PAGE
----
Israel Buries Its Dead; Kibbutz Settlers Repair Heavy Damages

While Israel’s Cabinet was in session here today, receiving detailed reports about the weekend’s attacks by Syria and Israel’s air reply to those attacks, funeral services were held for some of Israel’s casualties, while the severely bombed Israel’s settlements in the North were already beginning to rebuild their shattered kibbutzim.

Friday’s heavy fighting of more than two-and-a-half hours, which ended only after the Israeli jets smashed some of the Syrian gun posts and tanks, was continued in the air yesterday. Four Syrian MIG-21 planes had gone up over Israel’s northern border near Lake Tiberias. Israeli Mirage jets drove them away, and one Syrian MIG-21 was reported hit by fire from one of the Israeli planes. In Friday’s Air Force operation against the Syrians, an Israeli defense forces spokesman said, Israel used four different types of planes–Voutours, Mysteres, Supermysteres and Mirages.

The three Israeli dead were George Lazar, whose family had come here from Hungary during the exodus of many Hungarians following the 1956 revolt in that country; Yehuda Porat, whose origin was Persia; and Major Louis Bronstein, whose mother and sister still live in England. Lazar was the fourth member of his family killed; three children of the Lazar family had been murdered by the Nazis during World War II.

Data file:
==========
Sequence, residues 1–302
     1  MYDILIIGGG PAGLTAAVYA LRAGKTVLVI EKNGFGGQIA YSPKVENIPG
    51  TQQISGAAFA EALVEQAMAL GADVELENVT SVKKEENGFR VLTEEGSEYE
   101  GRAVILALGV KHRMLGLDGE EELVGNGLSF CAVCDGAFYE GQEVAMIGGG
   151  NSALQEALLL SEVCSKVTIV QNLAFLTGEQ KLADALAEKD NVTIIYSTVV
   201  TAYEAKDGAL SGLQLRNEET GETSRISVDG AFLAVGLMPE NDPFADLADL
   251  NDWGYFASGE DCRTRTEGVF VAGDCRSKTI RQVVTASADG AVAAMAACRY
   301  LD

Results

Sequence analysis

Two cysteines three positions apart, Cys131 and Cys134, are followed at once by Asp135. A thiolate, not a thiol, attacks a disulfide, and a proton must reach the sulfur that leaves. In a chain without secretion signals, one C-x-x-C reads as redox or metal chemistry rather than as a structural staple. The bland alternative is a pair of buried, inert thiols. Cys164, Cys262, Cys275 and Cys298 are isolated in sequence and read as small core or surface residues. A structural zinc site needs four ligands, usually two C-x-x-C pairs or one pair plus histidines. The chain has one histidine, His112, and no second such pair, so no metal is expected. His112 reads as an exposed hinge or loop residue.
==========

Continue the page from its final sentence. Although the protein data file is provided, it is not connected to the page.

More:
Lasar was laid to rest today in the military section of the Haifa cemetery, while Porat’s remains were interred at Petach Tikvah. Funeral services for Bronstein will take place tomorrow, after the arrival of his relatives from England.

Delegations of settlers from Dan and Shear Yashuv, the kibbutzim hardest hit in Friday’s attack, met here today with Deputy Minister of Defense Shimon Peres, who promised that the Government would aid them toward “total rehabilitation” of the settlements.

1-Jewish Telegraphic Agency correspondent, who visited the stricken settlements early yesterday, when Prime Minister Levi Eshkol and Yitzhak Rabin, Israel’s Chief of Staff, were there, reported that he had seen the settlers at Dan and Shear Yashuv already working on repairs. They were removing debris, he said, repairing damages to their electricity plants, and making sure their air-raid shelters were secure for their children, Most of the children, as well as some of the women, had spent all Friday night in the shelters.

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